THE GAME’S AFOOT… It is November 1890 and London is gripped by a merciless winter. Sherlock Holmes and Dr Watson are enjoying tea by the fire when an agitated gentleman arrives unannounced at 221b Baker Street. He begs Holmes for help, telling the unnerving story of a scar-faced man with piercing eyes who has stalked him in recent weeks. Intrigued by the man’s tale, Holmes and Watson find themselves swiftly drawn into a series of puzzling and sinister events, stretching from the gas-lit streets of London to the teeming criminal underworld of Boston.
As the pair delve deeper into the case, they stumble across a whispered phrase ‘the House of Silk’: a mysterious entity and foe more deadly than any Holmes has encountered, and a conspiracy that threatens to tear apart the very fabric of society itself… Sherlock Holmes is back with all the nuance, pace and powers of deduction that make him the world’s greatest and most celebrated detective.
Many years ago, my father introduced me to Sir Arthur Conan Doyle – not in the flesh mind, I’m not quite that old – and his famous detective, Sherlock Holmes. As an impressionable teenager I lapped up the adventures of the pipe smoking, slipper wearing, Stradivarius playing detective and his loyal companion and biographer Dr John Watson. I couldn’t get enough. Who could ever forget The Sign of Four, The Hound of the Baskervilles and my favourite A Study in Scarlet.
A few years down the track my father – yes, he introduced me to a lot of things as a kid! – sat me down one winter’s day and we watched a double bill of Sherlock Holmes (Basil Rathbone and Nigel Bruce) and the comedic genius of Will Hay, it was a real father/son moment. I have never forgotten that day, the rain was lashing against the window, mum had prepared a lovely array of snacks and we sat there, together, watching Rathbone solve the unsolvable and Will Hay play the role of a cheerful police officer. From that moment on I wanted to be either a detective or a comedian – alas I’ve failed at both!!
The House of Silk arrived on my desk a few weeks ago and I can’t tell you how excited I was – I was like a kid waiting to get up on Christmas morning – and I struggled to contain my delight that The Conan Doyle estate had given their blessing to a new Sherlock Holmes novel. Anthony Horowitz, perhaps better known for Foyle’s War and his numerous kids books had put quill to paper and written in the style of the master.
By the time I’d finished the very first chapter I was hooked, immersed in an era where, opium was the drug of choice – for those who could afford it – skulduggery, murder rife and a detective seemingly up against the impossible and dare I say it insolvable. Staying true to Conan Doyle’s inimitable style, Horowitz has done a magnificent job with the narrative, especially bringing to life Watson’s role as the affable sidekick who suddenly finds himself the centre of attention. It’s incredibly moreish and a prime example of a book – and story – you do not wish to end but when I did, I reached the dénouement with a sense of fulfilment and satisfaction.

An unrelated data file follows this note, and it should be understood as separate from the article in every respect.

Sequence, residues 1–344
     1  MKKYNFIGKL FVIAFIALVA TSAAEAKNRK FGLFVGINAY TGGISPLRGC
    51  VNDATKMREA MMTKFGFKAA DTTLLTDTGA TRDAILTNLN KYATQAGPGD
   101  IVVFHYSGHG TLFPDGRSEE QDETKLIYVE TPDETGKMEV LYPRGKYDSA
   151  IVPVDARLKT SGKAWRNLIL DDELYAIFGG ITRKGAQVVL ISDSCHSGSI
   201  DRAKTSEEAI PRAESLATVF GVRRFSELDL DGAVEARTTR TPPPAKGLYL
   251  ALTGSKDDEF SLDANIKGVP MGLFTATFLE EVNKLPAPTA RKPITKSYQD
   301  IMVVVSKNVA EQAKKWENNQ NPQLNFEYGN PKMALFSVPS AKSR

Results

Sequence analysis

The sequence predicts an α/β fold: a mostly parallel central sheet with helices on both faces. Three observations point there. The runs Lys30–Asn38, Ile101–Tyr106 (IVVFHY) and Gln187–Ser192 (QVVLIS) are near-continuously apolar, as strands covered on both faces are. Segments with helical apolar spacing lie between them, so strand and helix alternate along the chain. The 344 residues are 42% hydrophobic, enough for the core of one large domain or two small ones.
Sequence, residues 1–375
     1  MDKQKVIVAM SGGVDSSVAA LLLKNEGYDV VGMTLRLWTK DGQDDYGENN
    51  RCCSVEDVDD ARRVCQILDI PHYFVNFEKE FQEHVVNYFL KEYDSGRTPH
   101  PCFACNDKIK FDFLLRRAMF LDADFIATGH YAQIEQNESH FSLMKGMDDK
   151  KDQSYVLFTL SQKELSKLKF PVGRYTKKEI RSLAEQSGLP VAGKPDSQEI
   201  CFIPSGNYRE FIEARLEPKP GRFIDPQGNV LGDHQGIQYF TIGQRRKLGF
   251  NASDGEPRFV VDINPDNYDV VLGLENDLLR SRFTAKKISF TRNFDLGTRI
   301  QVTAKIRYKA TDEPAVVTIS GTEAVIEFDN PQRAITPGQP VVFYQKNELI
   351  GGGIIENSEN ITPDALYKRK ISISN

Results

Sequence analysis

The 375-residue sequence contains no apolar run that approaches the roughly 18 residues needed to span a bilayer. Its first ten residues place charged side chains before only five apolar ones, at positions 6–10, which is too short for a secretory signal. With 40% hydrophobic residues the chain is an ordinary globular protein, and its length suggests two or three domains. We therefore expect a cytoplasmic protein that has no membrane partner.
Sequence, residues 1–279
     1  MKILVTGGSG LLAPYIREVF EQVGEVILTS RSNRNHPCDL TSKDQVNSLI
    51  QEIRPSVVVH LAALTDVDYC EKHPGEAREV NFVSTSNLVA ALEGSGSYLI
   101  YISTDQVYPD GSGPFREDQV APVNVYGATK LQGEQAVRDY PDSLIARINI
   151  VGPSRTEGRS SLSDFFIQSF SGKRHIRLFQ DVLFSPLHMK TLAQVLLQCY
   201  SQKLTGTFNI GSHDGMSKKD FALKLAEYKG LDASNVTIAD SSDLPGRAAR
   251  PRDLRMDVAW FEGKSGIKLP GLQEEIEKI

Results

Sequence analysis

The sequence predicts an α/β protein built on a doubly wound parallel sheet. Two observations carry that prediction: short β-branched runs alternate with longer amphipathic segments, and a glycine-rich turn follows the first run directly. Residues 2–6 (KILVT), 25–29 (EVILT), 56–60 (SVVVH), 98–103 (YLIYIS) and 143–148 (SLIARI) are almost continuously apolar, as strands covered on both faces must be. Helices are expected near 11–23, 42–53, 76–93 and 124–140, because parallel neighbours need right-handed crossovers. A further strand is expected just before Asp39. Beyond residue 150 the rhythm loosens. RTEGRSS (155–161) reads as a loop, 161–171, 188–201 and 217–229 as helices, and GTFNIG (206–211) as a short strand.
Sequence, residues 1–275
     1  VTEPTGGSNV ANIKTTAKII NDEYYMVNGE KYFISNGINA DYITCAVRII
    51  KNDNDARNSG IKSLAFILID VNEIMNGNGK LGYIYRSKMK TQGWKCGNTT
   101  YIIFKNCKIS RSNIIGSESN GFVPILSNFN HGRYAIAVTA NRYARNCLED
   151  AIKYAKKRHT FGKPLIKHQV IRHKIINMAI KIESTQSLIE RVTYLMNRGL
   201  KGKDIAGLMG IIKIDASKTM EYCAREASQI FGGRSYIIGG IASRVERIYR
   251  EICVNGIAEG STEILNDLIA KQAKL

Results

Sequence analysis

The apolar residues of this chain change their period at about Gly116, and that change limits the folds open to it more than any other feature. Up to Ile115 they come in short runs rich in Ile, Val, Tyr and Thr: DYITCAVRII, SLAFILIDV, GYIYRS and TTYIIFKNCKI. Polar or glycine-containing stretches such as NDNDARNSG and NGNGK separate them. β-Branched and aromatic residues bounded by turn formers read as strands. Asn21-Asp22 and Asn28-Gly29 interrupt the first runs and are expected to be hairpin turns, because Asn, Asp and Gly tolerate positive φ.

In fact although I briefly touched on it earlier – watching films in winter – this is an ideal winter novel. Sitting by a log fire, logs cracking and breaking the silence as you gorge on the wonderful and enveloping prose, you simply can’t beat a veritable winter warmer like this. Throughout the novel I couldn’t help but imagine Rathbone and Bruce talking to me, Bruce the bumbling sidekick and Rathbone the confident and mysterious detective who always appears to have a trick up his sleeve. But that’s the great thing about books; they allow us all to imagine our favourite stars in the leading roles. Some may prefer Jeremy Brett to Basil Rathbone, it’s all subjective.
The story development is genius and flows unhindered, often surprising the reader with a plot twist here and there, no more so than the final pages where the twists and turns come thick and fast, especially when we discover the true identity of The House of Silk. To be frank it astonished me and I was completely taken aback with its thrilling revelation. I really hadn’t thought the book would go down that particular route and the reveal a complete surprise.
For me the highlight of any Sherlock Holmes novel is the way Conan Doyle – and now Horrowitz – gave voice to Sherlock’s deductive powers. I sat, in awe, as the detective gave his reasoning and calculations as he figured out the impossible. The House of Silk will not disappoint on any level.
Characterisation is faultless and Horowitz teases us with an appearance from Sherlock’s brother Mycroft, Lestrade comes across positively and not portrayed as the bumbling fool I expected him to be and of course there’s Mrs Hudson. Although she doesn’t play a big role in the book she’s there or thereabouts, ensuring that 221b Baker Street runs like clockwork, what more could you ask from the long serving housekeeper?
The House of Silk is a brilliant and engaging read with a sumptuous prose that gives and gives. It will tease and delight and is without doubt a fitting nod to arguably one of the great British writers of our time who gave us the most prolific of all detectives. Wonderful – 5 out of 5.
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